Bob Cropf

Academic economists behind the curve in current situation

In Free-market, Keynesianism on March 5, 2009 at 1:14 PM

Economists from academic departments are behind the curve when it comes to their classroom treatment of the current economic crisis, according to an article in today’s NY Times. Most mainstream economics departments are still in the grips of the free market ideology, despite the failures of said approach to predict the current crisis. More problematic is the near exclusion of Keynesianism as a legitimate object of study in most of the elite graduate economics programs around the country. Keynes is virtually absent from the curricula of economics departments, despite serving as the theoretical underpinnings of the Obama administration’s stimulus package.

The Freakonomics blog also quotes at length a paper that criticizes the economics profession, dominated by neo-classical or free market thinking, with completely missing the current financial mess:

The economics profession appears to have been unaware of the long build-up to the current worldwide financial crisis and to have significantly underestimated its dimensions once it started to unfold. In our view, this lack of understanding is due to a misallocation of research efforts in economics. We trace the deeper roots of this failure to the profession’s insistence on constructing models that, by design, disregard the key elements driving outcomes in real-world markets. The economics profession has failed in communicating the limitations, weaknesses, and even dangers of its preferred models to the public. This state of affairs makes clear the need for a major reorientation of focus in the research economists undertake, as well as for the establishment of an ethical code that would ask economists to understand and communicate the limitations and potential misuses of their models.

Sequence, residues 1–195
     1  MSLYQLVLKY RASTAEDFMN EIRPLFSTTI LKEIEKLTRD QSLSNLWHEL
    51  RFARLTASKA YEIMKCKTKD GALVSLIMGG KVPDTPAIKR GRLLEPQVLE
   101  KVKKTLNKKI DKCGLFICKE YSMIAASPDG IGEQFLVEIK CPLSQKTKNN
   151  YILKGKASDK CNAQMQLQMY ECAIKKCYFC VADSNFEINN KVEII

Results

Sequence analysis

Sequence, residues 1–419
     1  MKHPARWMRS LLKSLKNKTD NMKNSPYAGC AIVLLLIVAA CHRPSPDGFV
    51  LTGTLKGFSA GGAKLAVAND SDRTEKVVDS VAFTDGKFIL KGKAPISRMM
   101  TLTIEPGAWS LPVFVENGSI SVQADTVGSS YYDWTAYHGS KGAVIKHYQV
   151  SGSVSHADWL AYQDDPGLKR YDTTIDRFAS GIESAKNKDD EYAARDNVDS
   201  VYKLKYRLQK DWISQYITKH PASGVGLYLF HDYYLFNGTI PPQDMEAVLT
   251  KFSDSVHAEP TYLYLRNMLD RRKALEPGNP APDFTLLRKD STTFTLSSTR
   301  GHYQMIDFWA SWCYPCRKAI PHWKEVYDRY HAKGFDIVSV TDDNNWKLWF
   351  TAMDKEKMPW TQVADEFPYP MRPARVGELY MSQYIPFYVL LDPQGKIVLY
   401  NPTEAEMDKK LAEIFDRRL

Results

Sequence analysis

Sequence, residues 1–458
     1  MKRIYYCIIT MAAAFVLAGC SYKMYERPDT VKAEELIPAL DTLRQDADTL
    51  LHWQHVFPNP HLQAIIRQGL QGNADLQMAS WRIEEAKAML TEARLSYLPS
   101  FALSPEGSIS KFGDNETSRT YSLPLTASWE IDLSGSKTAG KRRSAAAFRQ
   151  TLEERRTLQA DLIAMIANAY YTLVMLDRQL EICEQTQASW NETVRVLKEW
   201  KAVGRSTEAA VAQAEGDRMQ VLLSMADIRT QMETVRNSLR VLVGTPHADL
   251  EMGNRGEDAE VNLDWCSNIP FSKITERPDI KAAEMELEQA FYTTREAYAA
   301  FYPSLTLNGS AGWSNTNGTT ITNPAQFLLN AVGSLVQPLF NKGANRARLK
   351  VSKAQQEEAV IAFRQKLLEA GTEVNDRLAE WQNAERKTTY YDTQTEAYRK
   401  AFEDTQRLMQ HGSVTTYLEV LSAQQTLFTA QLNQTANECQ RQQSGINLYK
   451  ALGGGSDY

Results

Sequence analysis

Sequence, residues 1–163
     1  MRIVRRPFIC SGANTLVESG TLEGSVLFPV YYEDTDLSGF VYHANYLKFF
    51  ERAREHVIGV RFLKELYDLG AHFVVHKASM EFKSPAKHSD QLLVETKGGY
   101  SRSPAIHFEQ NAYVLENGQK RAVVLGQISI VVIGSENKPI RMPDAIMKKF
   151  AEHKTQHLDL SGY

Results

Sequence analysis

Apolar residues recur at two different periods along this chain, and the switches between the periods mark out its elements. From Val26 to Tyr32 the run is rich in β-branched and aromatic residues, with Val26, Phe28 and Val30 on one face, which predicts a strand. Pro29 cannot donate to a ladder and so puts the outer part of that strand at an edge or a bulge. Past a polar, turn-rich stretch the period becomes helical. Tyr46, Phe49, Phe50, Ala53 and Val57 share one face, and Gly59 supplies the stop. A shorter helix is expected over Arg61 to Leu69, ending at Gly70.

According to the last article, the problem with the economics profession is its search for elegance (in model building) at the expense of empirical validation. A large reason for the financial sector’s problems, indeed, is the use of sophisticated mathematical models that had little to do with reality.

  1. Speaking of elegant mathematical models that have little to do with reality:
    Pr(Ta<1, Tb<1)= theta{(1/theta)(Fa(1)),(1/theta)(Fb(1)),gamma}

    is apparently the formula that they were using to assess risk on the MBS… if it looks to good to be true, it probably is. This is a little too simple to assess real risk – to many estimates that can inflate your error rate… masquerading as too much certainty.

  2. Good points

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